Cricket's closest contests: Australia vs West Indies, Sydney, 1996
As a twenty-year-old, I didn’t witness this epic match live on TV as it happened, but when I turn back the pages of history, this Bevan special certainly comes to the forefront as one of the most exciting contests in the game of cricket. This game is more important, considering the fact this was the first of those numerous match-turning innings that came from Michael Bevan’s willow. It was a transition phase for both the teams, with the Caribbeans descending from their throne and the Aussies climbing the ladder to glory.
It was New Year’s Day at Sydney and the big stadium was almost full, in spite of the prediction of heavy showers on the day. It was the visiting side led by Courtney Walsh that won the toss and decided to bat first. Glenn McGrath and Paul Reiffel opened the new ball attack, with humidity and conditions in their favour. The West Indies’ batsmen were exposed early in the innings. Stuart Williams, Phil Simmons and Shivnarine Chanderpaul were off to the pavilion with the scoreboard at 28, courtesy Reiffel.
Sherwin Campbell held fort for some time with Carl Hooper joining him at the other end, and then the rain gods seemed to have answered the West Indian prayers. The match was interrupted after 17 overs, with rain accounting for 108 minutes of play. As there was no efficient calculation system in picture, the match was made a 43 overs-a-side affair as the West Indian batsmen strolled back into the crease.
Shane Warne was introduced immediately post resumption and broke Campbell’s defence immediately, with his very first ball. Jimmy Adams, too, followed suit without troubling the scorers. At 54/5, darkness loomed on the West Indian side before Hooper took centre-stage. He took responsibility and carefully evaded the spin-pace combo by almost scoring a-run-a-ball. The timely boundaries kept coming and he was ably supported by Roger Harper, who batted hard to save his skin.
Hooper played some good strokes off part-timer Michael Bevan, but as the death overs approached, Reiffel, McGrath and Warne did a decent job in ripping the tail and thereby restricting the visitors to 172/9 in their allotted 43 overs, guided by an able 93 from Carl Hooper. The top four Australian bowlers conceded runs lesser than 3.5 runs-per-over while Paul Reiffel and Shane Warne scalped four and three of the opposition batsmen respectively.
The Aussies were expected to have an easy time, with the required run rate just over four runs. But the formidable West Indian pace attack had different ideas. Courtney Walsh and Curtly Ambrose bowled almost unplayable deliveries at the Australian top-order and skipper Mark Taylor was the first to depart after a needless run-out in the second over. Michael Slater, Ricky Ponting and Stuart Law followed suit with Ambrose looking lethal with the ball.
A youngster named Michael Bevan walked in front of the crowded SCG, but still, all eyes were on Mark Waugh who was at the other end. But Ottis Gibson ensured that the rhythm of the opening bowling combination didn’t go down as he dismissed Waugh and Shane Lee in the space of three deliveries, to leave the hosts reeling at 38/6. Ian Healy joined Bevan at the crease and the two looked to play some sensible batting the host. That didn’t last too long though as Healy was accounted for by Harper and at 74/7, with the tail exposed, an Australian victory looked the most impossible of all possible scenarios.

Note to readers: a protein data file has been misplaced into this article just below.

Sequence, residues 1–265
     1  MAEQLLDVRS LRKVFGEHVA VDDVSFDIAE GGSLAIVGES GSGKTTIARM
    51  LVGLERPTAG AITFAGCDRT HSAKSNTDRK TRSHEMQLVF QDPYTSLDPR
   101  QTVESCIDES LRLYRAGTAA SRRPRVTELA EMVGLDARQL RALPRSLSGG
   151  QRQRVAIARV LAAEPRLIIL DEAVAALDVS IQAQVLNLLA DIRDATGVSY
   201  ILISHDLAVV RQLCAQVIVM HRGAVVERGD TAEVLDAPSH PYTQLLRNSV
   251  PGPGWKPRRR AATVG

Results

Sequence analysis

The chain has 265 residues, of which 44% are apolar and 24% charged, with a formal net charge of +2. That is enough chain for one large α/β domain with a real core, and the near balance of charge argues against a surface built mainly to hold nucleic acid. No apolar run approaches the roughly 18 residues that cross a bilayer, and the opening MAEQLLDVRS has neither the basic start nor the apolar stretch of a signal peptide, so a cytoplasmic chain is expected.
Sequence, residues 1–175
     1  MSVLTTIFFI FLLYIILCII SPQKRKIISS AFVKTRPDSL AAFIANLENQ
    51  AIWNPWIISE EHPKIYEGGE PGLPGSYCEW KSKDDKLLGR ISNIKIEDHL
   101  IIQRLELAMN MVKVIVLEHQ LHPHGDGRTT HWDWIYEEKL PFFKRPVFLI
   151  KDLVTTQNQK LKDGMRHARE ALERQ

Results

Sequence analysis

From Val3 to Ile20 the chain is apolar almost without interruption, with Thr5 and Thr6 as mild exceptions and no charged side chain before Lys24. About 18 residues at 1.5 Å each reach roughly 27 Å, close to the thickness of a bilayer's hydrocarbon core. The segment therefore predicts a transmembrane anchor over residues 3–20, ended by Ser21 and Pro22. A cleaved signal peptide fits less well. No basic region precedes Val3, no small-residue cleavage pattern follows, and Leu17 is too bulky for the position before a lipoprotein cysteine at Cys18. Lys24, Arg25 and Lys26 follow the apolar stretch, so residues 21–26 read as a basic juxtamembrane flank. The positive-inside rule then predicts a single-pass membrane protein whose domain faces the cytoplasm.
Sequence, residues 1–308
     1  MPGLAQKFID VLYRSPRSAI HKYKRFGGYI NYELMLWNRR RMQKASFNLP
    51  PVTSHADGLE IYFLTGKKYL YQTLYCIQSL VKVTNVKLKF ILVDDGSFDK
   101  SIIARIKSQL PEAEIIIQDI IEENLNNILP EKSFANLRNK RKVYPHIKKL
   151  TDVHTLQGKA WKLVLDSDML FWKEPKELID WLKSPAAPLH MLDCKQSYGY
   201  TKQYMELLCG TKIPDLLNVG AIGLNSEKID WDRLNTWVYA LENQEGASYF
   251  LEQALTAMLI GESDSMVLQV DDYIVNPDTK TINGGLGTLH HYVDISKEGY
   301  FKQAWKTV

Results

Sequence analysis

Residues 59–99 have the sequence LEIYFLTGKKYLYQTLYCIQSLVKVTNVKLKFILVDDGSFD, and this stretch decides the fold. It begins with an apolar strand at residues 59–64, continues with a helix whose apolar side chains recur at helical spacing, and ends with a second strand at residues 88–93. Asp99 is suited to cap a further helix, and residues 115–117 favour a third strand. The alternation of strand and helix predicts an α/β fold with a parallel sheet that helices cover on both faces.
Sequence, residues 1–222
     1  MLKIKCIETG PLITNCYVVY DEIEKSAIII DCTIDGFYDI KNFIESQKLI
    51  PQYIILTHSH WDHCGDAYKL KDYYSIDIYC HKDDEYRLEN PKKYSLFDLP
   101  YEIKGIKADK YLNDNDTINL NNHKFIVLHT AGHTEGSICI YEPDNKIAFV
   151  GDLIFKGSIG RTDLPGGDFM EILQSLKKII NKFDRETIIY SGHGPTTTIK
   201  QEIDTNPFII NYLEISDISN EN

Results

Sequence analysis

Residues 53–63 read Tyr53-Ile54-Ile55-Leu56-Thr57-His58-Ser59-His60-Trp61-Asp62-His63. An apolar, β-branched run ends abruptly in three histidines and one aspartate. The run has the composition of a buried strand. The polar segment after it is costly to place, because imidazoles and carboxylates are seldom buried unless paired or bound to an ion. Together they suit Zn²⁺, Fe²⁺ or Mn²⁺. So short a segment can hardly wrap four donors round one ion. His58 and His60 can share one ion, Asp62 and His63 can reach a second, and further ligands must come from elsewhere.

Bevan batted through the odds and was given able support by Paul Reiffel from the other end, who had decided to carry forward the fight, from the ball to the bat. Bevan was keen on keeping the scoreboard ticking, taking on the attack to all bowlers alike. He got a reprieve early in the innings when Roger Harper grassed a pretty easy catch and except that, Bevan’s innings was flawless, considering the pressure and the situation in which he made his knock. Reiffel was dismissed with sixteen more runs still required and Warne came out to the middle. Bevan shielded his partner, taking the match to the final over, with seven required off Roger Harper’s bowling.
Ball 1: Harper to Warne, defended straight back to the bowler, 7 required off 5
Ball 2: Harper to Warne, down the leg side, wide, 6 required off 5
Ball 2: Harper to Warne, dabs the ball to point, Warne run out while attempting a single 6 required off 4
Ball 3: Harper to Bevan, tries to hit it past cover, but gets only a single, 5 required off 3
Ball 4: Harper to McGrath, hits some part of McGrath’s bat and they run for a quick single, 4 off 2
Ball 5: Harper to Bevan, hits it back to the bowler, 4 off 1
Ball 6: Lofts it straight back over the bowler’s head for a boundary, AUSTRALIA WIN! Harper comes up to Bevan and does a high-five and now the whole crowd gets electrifying!
Bevan looked calm and composed and it looked like his calculation on the reputed West Indian bowling attack was done much earlier. The balls were middled, the ones were converted into twos, the twos into threes and there were those odd boundaries that came when the run rate slowed down. It was more of a mature innings, a solid one. The role of a finisher was redefined and serenity seemed to have been bestowed upon Michael Bevan. The innings was an example of one of the greatest batsmen in the history of the limited overs game.